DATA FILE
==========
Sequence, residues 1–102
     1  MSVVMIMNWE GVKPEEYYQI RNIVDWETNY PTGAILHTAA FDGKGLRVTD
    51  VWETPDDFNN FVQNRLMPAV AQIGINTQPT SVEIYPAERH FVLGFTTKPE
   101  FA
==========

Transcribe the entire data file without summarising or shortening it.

Sequence, residues 1–102
     1  MSVVMIMNWE GVKPEEYYQI RNIVDWETNY PTGAILHTAA FDGKGLRVTD
    51  VWETPDDFNN FVQNRLMPAV AQIGINTQPT SVEIYPAERH FVLGFTTKPE
   101  FA